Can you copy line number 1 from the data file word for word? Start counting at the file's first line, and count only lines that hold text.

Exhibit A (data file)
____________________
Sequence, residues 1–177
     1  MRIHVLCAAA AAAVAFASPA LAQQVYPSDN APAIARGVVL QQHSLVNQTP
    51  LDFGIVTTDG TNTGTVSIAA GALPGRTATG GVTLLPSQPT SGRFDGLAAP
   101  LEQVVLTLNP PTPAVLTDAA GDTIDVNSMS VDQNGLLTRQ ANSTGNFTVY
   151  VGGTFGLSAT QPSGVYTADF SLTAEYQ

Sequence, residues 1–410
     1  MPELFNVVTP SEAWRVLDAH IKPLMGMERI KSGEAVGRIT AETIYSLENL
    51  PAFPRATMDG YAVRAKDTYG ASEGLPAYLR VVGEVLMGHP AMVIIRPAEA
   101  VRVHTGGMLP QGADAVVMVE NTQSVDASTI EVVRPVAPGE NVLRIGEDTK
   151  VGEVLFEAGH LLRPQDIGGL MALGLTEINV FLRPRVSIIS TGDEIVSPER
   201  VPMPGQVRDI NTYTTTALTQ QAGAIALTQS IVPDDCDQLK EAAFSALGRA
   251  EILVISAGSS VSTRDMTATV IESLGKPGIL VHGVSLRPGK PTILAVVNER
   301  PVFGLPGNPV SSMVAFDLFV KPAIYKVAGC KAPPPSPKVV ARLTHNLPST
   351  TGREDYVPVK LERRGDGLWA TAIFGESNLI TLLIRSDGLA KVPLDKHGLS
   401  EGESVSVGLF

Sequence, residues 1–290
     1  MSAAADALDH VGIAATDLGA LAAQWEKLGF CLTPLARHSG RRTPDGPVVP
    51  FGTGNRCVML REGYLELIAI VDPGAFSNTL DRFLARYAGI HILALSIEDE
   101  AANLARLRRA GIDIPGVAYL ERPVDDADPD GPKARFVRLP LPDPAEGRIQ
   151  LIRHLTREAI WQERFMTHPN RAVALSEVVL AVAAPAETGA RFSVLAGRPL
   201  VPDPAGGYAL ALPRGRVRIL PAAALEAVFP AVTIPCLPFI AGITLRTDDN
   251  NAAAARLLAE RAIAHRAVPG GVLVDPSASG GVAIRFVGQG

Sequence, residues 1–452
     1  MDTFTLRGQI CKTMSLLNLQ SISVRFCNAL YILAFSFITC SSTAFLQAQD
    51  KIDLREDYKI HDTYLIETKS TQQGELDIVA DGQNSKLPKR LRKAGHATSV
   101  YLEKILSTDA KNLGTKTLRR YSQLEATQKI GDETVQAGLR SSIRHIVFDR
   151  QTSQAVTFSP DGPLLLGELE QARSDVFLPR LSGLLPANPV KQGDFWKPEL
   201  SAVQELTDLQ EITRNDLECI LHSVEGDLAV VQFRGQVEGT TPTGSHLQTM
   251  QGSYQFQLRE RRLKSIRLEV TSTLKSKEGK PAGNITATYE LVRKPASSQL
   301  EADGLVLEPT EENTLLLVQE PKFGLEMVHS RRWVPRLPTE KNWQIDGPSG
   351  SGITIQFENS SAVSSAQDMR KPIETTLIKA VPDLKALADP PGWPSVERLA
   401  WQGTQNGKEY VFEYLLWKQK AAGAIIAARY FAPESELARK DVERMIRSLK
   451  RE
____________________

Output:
Sequence, residues 1–177